Elizabeth I

The daughter of England’s King Henry VIII and Anne Boleyn, Elizabeth was born in 1533 in Greenwich, England. Despite a turbulent childhood that included the beheading of her mother at the age of two, Elizabeth became one of England’s most popular monarchs and her reign has been described as England’s Golden Age. Her defeat of the Spanish Armada, her establishment of England’s Protestant church, and her support of the arts added much to the glory of her rule.

Although she was born with the title of princess, Elizabeth lost her title and was declared illegitimate when her mother was beheaded for what most historians deem trumped-up charges. In essence, Henry wanted to marry someone else who would produce a male heir. Elizabeth was, however, provided with one of the best educations that any woman of that period could boast. After Henry VIII died, his son Edward VI ruled briefly; his rule was followed by the bloody rule of Mary I who became infamous for burning Protestants at the stake. Despite Elizabeth’s Protestant upbringing and even a stint in the Tower of London for suspected plotting against her half-sister Mary I, she was crowned queen in 1559 at the age of twenty-five upon her sister’s death.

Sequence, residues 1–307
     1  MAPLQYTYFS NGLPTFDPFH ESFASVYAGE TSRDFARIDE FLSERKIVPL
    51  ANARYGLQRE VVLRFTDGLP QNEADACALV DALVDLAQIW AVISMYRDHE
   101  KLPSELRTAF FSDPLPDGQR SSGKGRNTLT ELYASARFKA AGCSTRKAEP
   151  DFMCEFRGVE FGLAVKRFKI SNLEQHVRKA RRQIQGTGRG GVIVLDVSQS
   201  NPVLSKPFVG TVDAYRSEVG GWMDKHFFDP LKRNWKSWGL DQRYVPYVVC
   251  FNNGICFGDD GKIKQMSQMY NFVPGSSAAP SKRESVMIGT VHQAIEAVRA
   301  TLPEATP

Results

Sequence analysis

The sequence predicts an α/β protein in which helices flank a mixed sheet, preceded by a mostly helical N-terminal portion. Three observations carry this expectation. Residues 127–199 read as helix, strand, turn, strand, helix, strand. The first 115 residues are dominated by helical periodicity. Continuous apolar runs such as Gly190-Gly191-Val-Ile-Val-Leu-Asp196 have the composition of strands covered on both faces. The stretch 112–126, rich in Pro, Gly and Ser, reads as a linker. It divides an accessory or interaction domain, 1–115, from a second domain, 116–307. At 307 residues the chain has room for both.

Elizabeth’s reign spanned forty-four years. While she controversially refused to marry, her status as the “Virgin Queen” was eventually celebrated in art as evidenced by Edmund Spencer’s famous Faerie Queene published 1590. Her Protestant church eventually transformed into the Church of England. While some historians believe she was too cautious in matters of foreign relations, her reign is perhaps most famous for the English military’s defeat of the Spanish Armada. It must also be noted that when Elizabeth inherited the crown, England was impoverished; yet, by the time of her death in 1603, England had become one of the wealthiest and most powerful nations in the world under her rule.

Elizabeth I was a popular supporter of the arts—Shakespeare wrote during the period of her rule as well as other great writers. She was dedicated to the governing of her people, but also enjoyed music, pageants, horse riding, and hawking. Scholars consider that she had one major love interest in her life—Robert Dudley, Earl of Leicester. The idea of their marriage, however, was adamantly opposed by her council and so Elizabeth remained unwed. Elizabeth’s execution of Mary, Queen of Scots is also a notable action of her reign; Mary, Queen of Scots was executed for plotting against Elizabeth. However, after Elizabeth’s death, Mary, Queen of Scot’s son, James I, became the King of England. Elizabeth I is buried at Westminster Abbey.